2. Change the narrative.
In a country where a single case can shut down a state’s borders, the alarmist messaging on Covid-19 needs to give way to a more sophisticated approach, particularly with the rollout of the vaccine.
What we’re seeing is a scientific miracle. In record time, the world’s medical research community has delivered multiple effective vaccines.
Here we need some help from the media, not just the Government: instead of reporting primarily on cases of Covid-19, we should broaden our perspective to report on hospitalised / ICU cases and deaths, where they occur — and most of all, the growing rate of vaccinations. It’s time to replace the dashboards we’ve been using. This is a position recently advocated by NSW Premier Gladys Berejiklian and one that is strongly supported by the Committee.
The fears about the pandemic are understandable and real. We have watched the tragedy of Covid unfold across the world as it has taken the lives of millions of people. But with the rollout of the vaccine, now we need to change the approach.
We also need to change the narrative on taking the vaccine itself. Complacency isn’t only a risk from an economic perspective — it is also a risk from a health standpoint. As it stands, many people believe there is more chance of getting a blood clot from a vaccine than there is to get Covid-19 itself. This thinking has led to Australia turning from an island of security, to an island of vulnerability. We need to remind the community that so long as the number of vaccinated people remains low, we are one major outbreak away from disaster.
3. Make a reopening plan tied to rates of vaccination.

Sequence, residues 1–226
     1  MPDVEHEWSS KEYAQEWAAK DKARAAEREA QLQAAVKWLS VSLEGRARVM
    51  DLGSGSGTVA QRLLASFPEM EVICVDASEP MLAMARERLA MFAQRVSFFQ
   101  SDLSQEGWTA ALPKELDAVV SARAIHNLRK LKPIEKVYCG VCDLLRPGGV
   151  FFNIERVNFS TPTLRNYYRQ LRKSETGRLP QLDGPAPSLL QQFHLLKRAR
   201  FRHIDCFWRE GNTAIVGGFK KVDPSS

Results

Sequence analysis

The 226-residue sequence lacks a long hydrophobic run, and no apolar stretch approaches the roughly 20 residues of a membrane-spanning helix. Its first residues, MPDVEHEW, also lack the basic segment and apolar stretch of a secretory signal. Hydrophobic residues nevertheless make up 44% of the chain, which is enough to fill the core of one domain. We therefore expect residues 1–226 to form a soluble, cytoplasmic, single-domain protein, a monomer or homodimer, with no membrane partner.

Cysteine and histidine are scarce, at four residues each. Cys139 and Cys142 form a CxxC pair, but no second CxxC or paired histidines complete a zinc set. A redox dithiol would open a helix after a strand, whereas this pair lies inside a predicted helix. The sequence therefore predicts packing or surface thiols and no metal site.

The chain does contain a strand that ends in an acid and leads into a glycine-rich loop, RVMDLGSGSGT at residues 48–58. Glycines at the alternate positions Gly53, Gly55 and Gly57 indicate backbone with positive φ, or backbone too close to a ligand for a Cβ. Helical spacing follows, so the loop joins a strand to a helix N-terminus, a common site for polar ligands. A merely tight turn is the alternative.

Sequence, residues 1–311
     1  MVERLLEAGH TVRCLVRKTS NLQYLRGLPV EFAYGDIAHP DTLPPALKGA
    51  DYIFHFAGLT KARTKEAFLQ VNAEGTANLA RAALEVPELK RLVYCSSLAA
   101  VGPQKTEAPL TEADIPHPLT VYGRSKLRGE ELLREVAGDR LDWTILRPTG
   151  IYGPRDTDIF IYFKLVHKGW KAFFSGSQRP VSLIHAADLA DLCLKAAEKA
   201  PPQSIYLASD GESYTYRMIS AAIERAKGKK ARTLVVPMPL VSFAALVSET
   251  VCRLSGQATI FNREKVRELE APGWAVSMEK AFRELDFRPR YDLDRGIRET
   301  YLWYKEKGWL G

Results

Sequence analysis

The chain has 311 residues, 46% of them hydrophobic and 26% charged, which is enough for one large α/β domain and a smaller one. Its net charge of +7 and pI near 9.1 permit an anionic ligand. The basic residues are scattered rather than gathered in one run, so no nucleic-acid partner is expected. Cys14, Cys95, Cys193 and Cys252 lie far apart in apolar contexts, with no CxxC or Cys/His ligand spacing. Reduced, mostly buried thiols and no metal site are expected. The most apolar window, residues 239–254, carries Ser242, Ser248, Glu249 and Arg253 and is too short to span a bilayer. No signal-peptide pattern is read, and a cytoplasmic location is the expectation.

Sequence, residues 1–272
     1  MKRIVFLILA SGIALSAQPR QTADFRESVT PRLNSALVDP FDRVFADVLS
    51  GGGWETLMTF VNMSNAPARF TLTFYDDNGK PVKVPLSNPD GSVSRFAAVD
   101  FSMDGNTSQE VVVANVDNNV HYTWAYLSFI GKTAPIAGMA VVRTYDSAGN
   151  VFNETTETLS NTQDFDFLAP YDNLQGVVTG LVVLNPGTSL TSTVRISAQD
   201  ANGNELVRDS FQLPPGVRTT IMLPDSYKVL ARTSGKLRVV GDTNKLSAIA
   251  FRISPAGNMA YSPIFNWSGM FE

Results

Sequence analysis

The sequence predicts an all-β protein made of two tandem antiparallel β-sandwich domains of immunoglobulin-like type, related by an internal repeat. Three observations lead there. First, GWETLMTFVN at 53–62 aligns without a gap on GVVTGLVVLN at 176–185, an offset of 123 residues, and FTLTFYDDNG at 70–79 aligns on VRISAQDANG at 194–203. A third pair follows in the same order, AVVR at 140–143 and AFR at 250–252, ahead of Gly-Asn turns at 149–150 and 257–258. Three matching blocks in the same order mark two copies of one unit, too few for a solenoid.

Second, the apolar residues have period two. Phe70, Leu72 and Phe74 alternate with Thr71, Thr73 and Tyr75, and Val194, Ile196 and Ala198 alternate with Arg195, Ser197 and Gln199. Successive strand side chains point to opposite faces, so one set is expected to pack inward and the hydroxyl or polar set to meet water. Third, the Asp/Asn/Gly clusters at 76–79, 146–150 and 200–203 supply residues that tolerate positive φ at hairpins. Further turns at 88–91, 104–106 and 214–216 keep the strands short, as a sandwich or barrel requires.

The priority of course is getting vaccines in arms as fast possible. But at the same time, we need a plan for reopening the country to international travel, tied to the rate of vaccination. As the most vulnerable people in Australia are vaccinated, it should be possible for people who have themselves been vaccinated in other countries to enter Australia. As more and more of the population here is vaccinated, the country should reopen further. As of now, there is no clarity on when or how this will happen.
We need a phased plan to reopen to the world, which involves:
Many people from many different quarters have started to say something along these lines:
It means something to be a nation of immigrants, and it means something to be globally connected: it means we have an obligation to care about Austrlaians who are stranded overseas, just as we have an obligation to care about Australian’s who have family abroad. It may be politically expedient to remain closed after the tragedy we all witnessed this year, but it’s time to change the approach.
It’s time to “get out from under the doona.”
A year after the PM said he wanted us to “get out from under the doona”, we’re still there. While the politics of keeping borders closed may be working for Government for the time being, serious long-term damage is being done to the country. This is not something to be complacent about.
Australia cannot remain the hermit kingdom. It’s time to think differently about risk and make plans to reengage with the world.